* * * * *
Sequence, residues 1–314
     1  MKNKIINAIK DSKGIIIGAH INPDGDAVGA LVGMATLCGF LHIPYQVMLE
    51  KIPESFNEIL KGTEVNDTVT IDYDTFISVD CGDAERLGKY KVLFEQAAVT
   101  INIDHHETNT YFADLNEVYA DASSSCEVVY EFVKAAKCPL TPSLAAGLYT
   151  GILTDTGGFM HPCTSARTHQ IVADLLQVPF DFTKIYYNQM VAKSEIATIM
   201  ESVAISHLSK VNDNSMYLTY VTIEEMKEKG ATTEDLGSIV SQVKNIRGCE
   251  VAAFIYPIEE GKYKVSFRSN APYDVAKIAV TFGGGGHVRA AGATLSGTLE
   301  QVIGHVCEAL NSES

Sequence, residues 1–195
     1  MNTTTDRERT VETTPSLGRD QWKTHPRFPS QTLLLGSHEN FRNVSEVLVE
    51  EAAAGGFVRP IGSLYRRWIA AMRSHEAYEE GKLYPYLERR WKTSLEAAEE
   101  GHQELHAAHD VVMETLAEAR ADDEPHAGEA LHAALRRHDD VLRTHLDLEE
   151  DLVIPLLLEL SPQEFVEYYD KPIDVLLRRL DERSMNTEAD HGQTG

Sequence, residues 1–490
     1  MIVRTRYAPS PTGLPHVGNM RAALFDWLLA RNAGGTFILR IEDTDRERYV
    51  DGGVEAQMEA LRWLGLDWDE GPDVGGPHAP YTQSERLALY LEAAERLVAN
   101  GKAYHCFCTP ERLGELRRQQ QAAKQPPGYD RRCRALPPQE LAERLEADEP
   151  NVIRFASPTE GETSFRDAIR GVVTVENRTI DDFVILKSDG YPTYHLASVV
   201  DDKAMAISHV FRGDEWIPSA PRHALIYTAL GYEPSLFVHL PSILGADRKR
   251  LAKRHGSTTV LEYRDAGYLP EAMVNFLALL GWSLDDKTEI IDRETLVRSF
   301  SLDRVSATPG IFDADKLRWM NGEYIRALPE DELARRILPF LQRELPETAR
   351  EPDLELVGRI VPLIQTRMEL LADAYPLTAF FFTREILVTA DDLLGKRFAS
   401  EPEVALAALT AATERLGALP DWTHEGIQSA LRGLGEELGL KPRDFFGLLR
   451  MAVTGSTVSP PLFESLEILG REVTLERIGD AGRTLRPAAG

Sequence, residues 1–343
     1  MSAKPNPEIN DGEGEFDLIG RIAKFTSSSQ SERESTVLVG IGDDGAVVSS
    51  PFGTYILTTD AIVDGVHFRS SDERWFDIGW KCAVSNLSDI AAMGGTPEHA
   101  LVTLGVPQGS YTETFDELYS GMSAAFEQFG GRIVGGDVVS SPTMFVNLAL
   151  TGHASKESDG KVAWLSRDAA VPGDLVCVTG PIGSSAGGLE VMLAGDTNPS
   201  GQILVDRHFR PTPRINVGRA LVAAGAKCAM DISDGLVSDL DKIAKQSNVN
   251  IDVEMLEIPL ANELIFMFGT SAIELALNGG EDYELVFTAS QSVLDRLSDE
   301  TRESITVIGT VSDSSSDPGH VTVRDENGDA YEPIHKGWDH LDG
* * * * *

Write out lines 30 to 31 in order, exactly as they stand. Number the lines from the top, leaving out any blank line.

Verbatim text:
   201  GQILVDRHFR PTPRINVGRA LVAAGAKCAM DISDGLVSDL DKIAKQSNVN
   251  IDVEMLEIPL ANELIFMFGT SAIELALNGG EDYELVFTAS QSVLDRLSDE